Jeremi Suri, a historian at the University of Texas at Austin, argues that Americans have never been isolated from international politics and military conflicts, but rather have projected power on the world stage since before the Revolutionary War. Yet during the late 19th century, Suri notes, American involvement abroad grew profoundly deeper, broader, and more militaristic.
Kevin Phillips is the author of eight books, a journalist and a national elections commentator for CBS News during l988, 1992 and 96 presidential elections
In the Cousins’ Wars, Phillips poses the question, how did Anglo-America (Great Britain and the United states) become the global power by the late nineteenth century. He finds the answer to this overarching question by analyzing the causes and results of three critical wars: the English Civil War in 1640, the American Revolution, and the American Civil War. Philips marshals facts and events to show that these wars were a “crucible" of thought which British and Americans hammered out competing religious, ethnic, and social alliances to seize and maintain first place among the nations of the world.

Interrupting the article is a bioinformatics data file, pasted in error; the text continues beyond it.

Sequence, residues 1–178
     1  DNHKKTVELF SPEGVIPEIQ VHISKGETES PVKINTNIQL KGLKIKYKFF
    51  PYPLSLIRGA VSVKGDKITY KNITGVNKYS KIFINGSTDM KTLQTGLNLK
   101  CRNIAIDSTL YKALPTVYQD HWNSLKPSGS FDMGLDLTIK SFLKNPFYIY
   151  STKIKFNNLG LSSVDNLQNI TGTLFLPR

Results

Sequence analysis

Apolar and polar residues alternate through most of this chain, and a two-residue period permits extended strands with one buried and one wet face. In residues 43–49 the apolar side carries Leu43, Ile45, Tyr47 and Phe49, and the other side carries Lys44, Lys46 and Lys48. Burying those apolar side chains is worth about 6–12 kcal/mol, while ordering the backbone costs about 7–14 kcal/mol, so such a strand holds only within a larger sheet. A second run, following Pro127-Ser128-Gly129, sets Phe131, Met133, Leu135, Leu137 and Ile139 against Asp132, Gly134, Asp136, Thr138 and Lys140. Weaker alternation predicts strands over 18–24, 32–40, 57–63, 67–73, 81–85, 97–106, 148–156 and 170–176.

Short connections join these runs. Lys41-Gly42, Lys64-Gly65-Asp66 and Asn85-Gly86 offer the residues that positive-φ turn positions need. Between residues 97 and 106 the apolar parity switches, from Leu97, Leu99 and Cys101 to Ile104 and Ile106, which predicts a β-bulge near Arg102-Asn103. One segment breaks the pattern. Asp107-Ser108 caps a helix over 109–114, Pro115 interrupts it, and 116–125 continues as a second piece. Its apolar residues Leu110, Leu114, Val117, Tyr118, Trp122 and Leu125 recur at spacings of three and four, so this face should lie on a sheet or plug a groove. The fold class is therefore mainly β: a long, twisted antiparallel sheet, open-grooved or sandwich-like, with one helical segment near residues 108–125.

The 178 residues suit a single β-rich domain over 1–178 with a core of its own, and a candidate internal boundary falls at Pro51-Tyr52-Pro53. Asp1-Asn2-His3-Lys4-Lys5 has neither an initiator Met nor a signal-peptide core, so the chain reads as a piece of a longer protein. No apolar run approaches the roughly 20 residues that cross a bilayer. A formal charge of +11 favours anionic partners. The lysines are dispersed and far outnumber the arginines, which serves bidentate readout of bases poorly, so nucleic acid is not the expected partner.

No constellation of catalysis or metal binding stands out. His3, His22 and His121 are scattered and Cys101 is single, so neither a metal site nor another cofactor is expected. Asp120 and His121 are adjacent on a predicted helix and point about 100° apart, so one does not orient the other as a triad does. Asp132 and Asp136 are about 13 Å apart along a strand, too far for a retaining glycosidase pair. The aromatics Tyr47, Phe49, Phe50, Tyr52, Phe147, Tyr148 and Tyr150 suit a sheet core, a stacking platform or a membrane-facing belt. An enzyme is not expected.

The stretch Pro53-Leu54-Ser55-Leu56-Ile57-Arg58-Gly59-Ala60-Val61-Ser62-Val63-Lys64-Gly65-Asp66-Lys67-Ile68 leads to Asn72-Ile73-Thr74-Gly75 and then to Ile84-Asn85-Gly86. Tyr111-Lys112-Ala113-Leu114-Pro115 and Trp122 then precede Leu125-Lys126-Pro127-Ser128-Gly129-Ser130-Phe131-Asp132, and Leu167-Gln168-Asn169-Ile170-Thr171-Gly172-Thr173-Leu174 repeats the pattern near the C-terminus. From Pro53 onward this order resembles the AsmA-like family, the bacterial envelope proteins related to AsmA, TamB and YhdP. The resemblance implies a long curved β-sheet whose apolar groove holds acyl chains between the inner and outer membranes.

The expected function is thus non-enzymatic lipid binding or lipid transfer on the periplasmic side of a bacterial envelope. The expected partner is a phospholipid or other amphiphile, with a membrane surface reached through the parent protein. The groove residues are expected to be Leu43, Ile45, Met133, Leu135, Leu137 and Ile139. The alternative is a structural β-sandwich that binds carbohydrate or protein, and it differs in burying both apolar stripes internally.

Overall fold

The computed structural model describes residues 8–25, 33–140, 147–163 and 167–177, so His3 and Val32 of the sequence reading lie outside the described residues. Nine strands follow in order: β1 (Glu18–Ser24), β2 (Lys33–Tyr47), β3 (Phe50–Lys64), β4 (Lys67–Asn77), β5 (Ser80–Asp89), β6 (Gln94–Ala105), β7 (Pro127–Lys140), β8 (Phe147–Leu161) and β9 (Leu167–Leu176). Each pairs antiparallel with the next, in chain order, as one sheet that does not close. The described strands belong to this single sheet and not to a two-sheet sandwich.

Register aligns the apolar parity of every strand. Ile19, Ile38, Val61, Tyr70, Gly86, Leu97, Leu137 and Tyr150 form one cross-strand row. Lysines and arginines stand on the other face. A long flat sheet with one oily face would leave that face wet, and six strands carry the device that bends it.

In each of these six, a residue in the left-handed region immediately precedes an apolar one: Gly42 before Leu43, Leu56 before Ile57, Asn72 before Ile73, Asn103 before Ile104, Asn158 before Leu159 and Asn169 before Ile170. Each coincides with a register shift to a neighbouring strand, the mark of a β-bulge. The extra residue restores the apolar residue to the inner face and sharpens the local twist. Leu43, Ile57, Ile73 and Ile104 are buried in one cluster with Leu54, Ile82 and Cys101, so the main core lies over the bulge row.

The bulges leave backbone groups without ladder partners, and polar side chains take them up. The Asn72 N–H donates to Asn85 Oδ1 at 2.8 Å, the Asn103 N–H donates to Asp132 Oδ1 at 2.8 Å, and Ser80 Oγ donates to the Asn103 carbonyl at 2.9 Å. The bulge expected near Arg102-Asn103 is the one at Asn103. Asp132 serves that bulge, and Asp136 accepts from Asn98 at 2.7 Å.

Josiah Bunting III is president of the Harry Frank Guggenheim Foundation and the author of Ulysses S. Grant (2004). In a series of three lectures, Josiah Bunting III examines the lives of George Washington, Ulysses S. Grant, and George C. Marshall and the ambivalent relationship between America’s citizens and its military establishment. In addition to their leadership qualities, all three men were students of military history and wrote prolifically on the topic. In the first lecture, he considers George Washington’s character as revealed in his generalship of the Continental Army and military strategy against the British.